The impressive public transportation system in Japan spans across all four of its major islands. It is a now privatized system comprising of JR Hokkaido, JR East, JR Central, JR West, JR Shikoku, and JR Kyushu. Together, they run a nationwide network of rail lines as well as the Shinkansen—bullet train—lines. It’s no wonder then that all these dizzying rail maps and timetables can be intimidating!
Maybe you’re wondering, “What’s the difference between the JR System and the Subway? How do I read those maps with all of the colored lines?” Taking the train in Japan may be a bit scary at first, but don’t worry, we’ve got you covered. First, take a deep breath. Okay, here we go!
Before we start, make sure to know whether you’re traveling by subway or JR train. They’re different lines, and so different stops will be available. JR stations will always have the JR symbol above them, and local metros/subways will differ depending on the city. Upon arrival at a station, it’s important to read the signs. Luckily, most everything will also be in English unless at a very small station. Again, remember that if you arrived at a station by subway and want to hop on a JR line, you’ll need to first exit the metro by inserting your ticket or IC card through a ticket gate, then following signs towards the JR lines in order to transfer.
Tickets can be bought at the machines—which usually have an English language selection on the main screen—located near the gates. On the screen, there’ll be boxes with numbers. These are the ticket prices. Find out how much it takes to get to your destination by looking at the map, usually located right above the machines, then buy that ticket price. On the map, your current station will usually be the biggest square. All of the numbers below each stop are the price in terms of how much it will cost to get from your current station to that station. If transferring, you’ll have to find the corresponding transfer line (a different color line on the map) and make sure you get off at the station that connects the two lines. It sounds a little confusing at first, but the map makes it pretty easy to get used to.
We mentioned PASMO/Suica cards before in our Steps to take upon arrival article. This would help lessen the headache in finding costs to get to each station, as you’d simply need to fill up the card— bought at Suica ticket machines and charged at any ticket machine—and swipe it at ticket gates to get through.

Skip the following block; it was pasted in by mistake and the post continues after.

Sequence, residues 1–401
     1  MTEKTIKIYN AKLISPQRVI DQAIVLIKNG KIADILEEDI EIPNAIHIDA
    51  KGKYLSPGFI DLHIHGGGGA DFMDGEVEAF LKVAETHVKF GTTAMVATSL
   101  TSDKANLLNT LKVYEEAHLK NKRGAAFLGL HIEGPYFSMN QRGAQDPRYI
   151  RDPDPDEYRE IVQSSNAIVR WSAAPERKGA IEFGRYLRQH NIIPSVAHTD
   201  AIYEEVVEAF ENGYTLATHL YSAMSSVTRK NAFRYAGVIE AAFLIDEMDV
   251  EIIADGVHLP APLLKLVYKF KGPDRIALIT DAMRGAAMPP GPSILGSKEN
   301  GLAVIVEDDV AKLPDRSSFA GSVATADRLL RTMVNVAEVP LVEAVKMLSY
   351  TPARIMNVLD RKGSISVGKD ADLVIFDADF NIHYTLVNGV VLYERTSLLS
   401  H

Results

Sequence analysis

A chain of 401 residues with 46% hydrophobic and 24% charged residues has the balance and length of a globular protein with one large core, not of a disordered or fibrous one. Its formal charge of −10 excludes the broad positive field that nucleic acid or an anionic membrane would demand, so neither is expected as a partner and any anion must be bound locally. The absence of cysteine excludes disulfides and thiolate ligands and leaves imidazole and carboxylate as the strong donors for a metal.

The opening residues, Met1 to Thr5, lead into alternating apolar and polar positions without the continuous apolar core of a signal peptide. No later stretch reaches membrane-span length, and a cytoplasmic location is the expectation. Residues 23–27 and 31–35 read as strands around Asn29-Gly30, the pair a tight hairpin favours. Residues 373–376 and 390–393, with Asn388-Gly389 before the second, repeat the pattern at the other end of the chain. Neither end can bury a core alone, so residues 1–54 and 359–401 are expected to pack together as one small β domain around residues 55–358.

Knowing which way to go
At a station, look for platform signs that point in the direction you need to go. Lines have names that correspond to a major stop/city they’re heading towards, so if your stop is along the way, then that’s what you’ll be looking for. For example, a sign can say “Akihabara Line – to Kanda”, which means it’s the Akihabara Line that makes its way towards Kanda station. If your stop is in the opposite direction you’ll need to find the Akihabara Line pointing towards a station in that direction, as opposed to Kanda. Find out which station or line you need to head towards, and follow the arrows on the signs.
Along the platform you’ll usually be able to find signs listing what line you’re getting on, what station you’re at, what direction you’re heading, and all the stations along the way. If you realize you’re on the wrong side of the platform, there is always a passageway or staircase to get to the other side.
Quick tip: the middle cars of the train are usually most crowded, so you might have a better chance on the first and last cars. This may vary though. If this is rush hour in a big city, you should pretty much expect to stand.
Mapping out your route
Hyperdia is an amazing tool that finds public transportation routes between any two stations in Japan of your choice. Jorudan is another great tool, but for the sake of simplicity, we’ll stick with Hyperdia. It’s got an English interface as well as options for Japan Rail Pass holders. Simply input details and you’ll get a window showing the total travel time, distance, cost, and exactly where you’ll be needing to go for each transfer should you have any. A small problem with Hyperdia is its difficulty in recognizing alternate station name spellings, so make sure you know exactly how the station is spelled, down to any dashes or lack thereof.
Taking the train in Japan takes a little bit of time to get the hang of, but that’s part of the adventure! In no time, you’ll be hopping on and off of trains and metros and seeing how easy it is to have access to such a wonderful system, you’ll have mastered public transportation in Japan. Plan ahead (especially towards the end of the night, when trains stop coming by), fill up your IC card, and see you over here!
For more useful tips about life in Japan, keep following our Go! Go! Nihon blog.